To alleviate these fears and engage coworkers, CDW needed to find an appropriate way of communicating the benefits of the process improvement initiative in order to motivate and re-commit those involved. The OpX team needed to work to re-train the way coworkers approached their work and set goals for them to illustrate that process improvements within the supply chain would ultimately help them get the job done faster at the end of the day. To do this, we incorporated metrics that showed a direct connection between the process improvements and coworker involvement. These metrics were based on a reward system that coworkers excelled in the process improvement program, and training was rewarded with a company-wide email recognizing their achievements. In addition, their successes were noted in their annual performance reviews and contributed to continued coworker motivation and commitment to the program. Coworker commitment was instrumental to the success of the team as a whole as the OpX group worked to re-engineer customer service and business processes. As a result, training became a priority for Lisa Tegtmeyer, Senior Director of the Vernon Hills, IL distribution center and Ray Nair, Director of the Western Distribution Center in Las Vegas, NV.
With this emphasis on training, the OpX team worked to design materials that highlighted the process improvement concepts from both Six Sigma and Lean methodologies. Sessions were scheduled for coworkers at the two distribution centers in Q3 and Q4 of 2007. In the end, over 400 managers, supervisors and team leaders were trained on the process improvement concepts, and 40 small projects were identified and initiated. The projects were led by the management team, and the results helped team members across operations to further embrace the methodologies.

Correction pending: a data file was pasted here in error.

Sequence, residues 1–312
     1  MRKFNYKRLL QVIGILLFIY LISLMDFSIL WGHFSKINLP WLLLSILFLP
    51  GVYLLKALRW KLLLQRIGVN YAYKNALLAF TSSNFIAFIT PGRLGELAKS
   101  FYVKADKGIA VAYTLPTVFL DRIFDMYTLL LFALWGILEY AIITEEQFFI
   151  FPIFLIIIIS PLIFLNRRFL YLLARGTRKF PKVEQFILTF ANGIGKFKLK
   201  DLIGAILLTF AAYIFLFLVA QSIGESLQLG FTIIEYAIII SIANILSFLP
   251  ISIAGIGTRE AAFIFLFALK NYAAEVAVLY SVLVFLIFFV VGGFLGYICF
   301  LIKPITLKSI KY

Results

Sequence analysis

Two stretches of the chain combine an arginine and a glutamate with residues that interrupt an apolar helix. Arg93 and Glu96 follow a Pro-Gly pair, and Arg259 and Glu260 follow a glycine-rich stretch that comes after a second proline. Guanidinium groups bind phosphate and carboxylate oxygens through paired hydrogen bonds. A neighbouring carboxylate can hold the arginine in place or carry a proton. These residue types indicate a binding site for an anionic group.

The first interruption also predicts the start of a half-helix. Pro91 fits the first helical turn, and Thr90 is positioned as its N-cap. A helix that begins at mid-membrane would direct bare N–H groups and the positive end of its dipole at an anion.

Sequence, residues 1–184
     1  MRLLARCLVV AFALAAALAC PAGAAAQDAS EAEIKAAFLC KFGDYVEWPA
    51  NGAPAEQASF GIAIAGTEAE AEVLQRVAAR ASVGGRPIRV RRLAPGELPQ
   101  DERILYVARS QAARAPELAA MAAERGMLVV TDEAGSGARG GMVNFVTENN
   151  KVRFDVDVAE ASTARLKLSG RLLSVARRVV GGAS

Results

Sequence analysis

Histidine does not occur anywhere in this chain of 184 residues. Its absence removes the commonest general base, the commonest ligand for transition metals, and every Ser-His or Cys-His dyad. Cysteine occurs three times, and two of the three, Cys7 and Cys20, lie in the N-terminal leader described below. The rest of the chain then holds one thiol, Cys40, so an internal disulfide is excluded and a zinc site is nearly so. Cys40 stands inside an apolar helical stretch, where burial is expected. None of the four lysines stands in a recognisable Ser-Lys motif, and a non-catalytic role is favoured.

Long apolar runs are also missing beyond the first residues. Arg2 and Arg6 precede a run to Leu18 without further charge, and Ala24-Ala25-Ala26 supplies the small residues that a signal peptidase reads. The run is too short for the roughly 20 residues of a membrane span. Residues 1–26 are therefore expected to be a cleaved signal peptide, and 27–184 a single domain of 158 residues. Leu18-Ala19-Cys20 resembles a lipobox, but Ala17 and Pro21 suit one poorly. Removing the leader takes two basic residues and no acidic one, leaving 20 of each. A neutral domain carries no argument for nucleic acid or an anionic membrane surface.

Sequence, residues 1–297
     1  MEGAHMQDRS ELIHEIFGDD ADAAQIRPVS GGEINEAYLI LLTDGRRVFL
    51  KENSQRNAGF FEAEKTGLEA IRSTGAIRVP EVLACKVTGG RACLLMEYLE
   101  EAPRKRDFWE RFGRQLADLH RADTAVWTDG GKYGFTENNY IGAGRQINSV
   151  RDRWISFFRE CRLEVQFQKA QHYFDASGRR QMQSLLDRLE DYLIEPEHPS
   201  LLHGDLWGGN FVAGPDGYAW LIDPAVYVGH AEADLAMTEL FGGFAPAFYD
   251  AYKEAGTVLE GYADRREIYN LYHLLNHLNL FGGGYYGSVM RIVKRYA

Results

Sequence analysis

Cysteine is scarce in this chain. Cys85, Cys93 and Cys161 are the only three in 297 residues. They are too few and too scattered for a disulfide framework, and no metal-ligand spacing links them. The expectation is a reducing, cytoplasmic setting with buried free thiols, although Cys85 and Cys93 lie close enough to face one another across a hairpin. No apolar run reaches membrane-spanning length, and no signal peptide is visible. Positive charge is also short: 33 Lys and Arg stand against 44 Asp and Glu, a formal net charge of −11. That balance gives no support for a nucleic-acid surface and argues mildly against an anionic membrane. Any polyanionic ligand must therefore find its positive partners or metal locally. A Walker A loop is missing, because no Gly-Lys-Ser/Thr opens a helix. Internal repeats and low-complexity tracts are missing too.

Plans are now underway to train all coworkers in the distribution centers by the end of Q3 of 2008.
Job Well Done
Success of the process improvement initiative impacted both CDW’s business and the culture. The seven initial projects were executed and resulted not only in improved customer experience but a $3 million dollar savings in by the end of 2007. This success of these programs translated into the nomination of 21 additional projects to undergo the same change for 2008. Other Lean training in the distribution center also contributed to a 35% increases in productivity, while the cycle time of damaged claims was reduced by 50% and provided customers with faster response times, which increased their satisfaction in service.
As a result of these successes, the initiative was adopted by other areas of the business, promoting an even broader look at business processes. The shift in coworker commitment was also a notable success as the OpX team was able to alleviate fears of job loss and instead motivate coworkers to recommit to excellent customer service.
As CDW continues its journey in process improvement, its future goals will focus on not only refining current processes but also in cementing process improvement best practices and methodologies in the culture. These efforts will allow us expand its solid foundation — to support the next 24 years of sales growth.
Mike Grisamore is Director of Customer Experience at CDW Corporation. CDW is a leading provider of technology solutions for business, government and education. Ranked No. 39 on Forbes’ list of America’s Largest Private Companies, CDW’s technology specialists offer expertise in designing customized solutions, while its advanced technology engineers can assist customers with the implementation and long-term management of those solutions. Areas of focus include notebooks, desktops, printers, servers and storage, unified communications, security, wireless, power and cooling, networking, software licensing and mobility solutions.
The company was founded in 1984 and as of June 30, 2008 employed approximately 6,700 coworkers. In 2007, the company generated sales of $8.1 billion. For more information, please visit CDW online at www.CDW.com.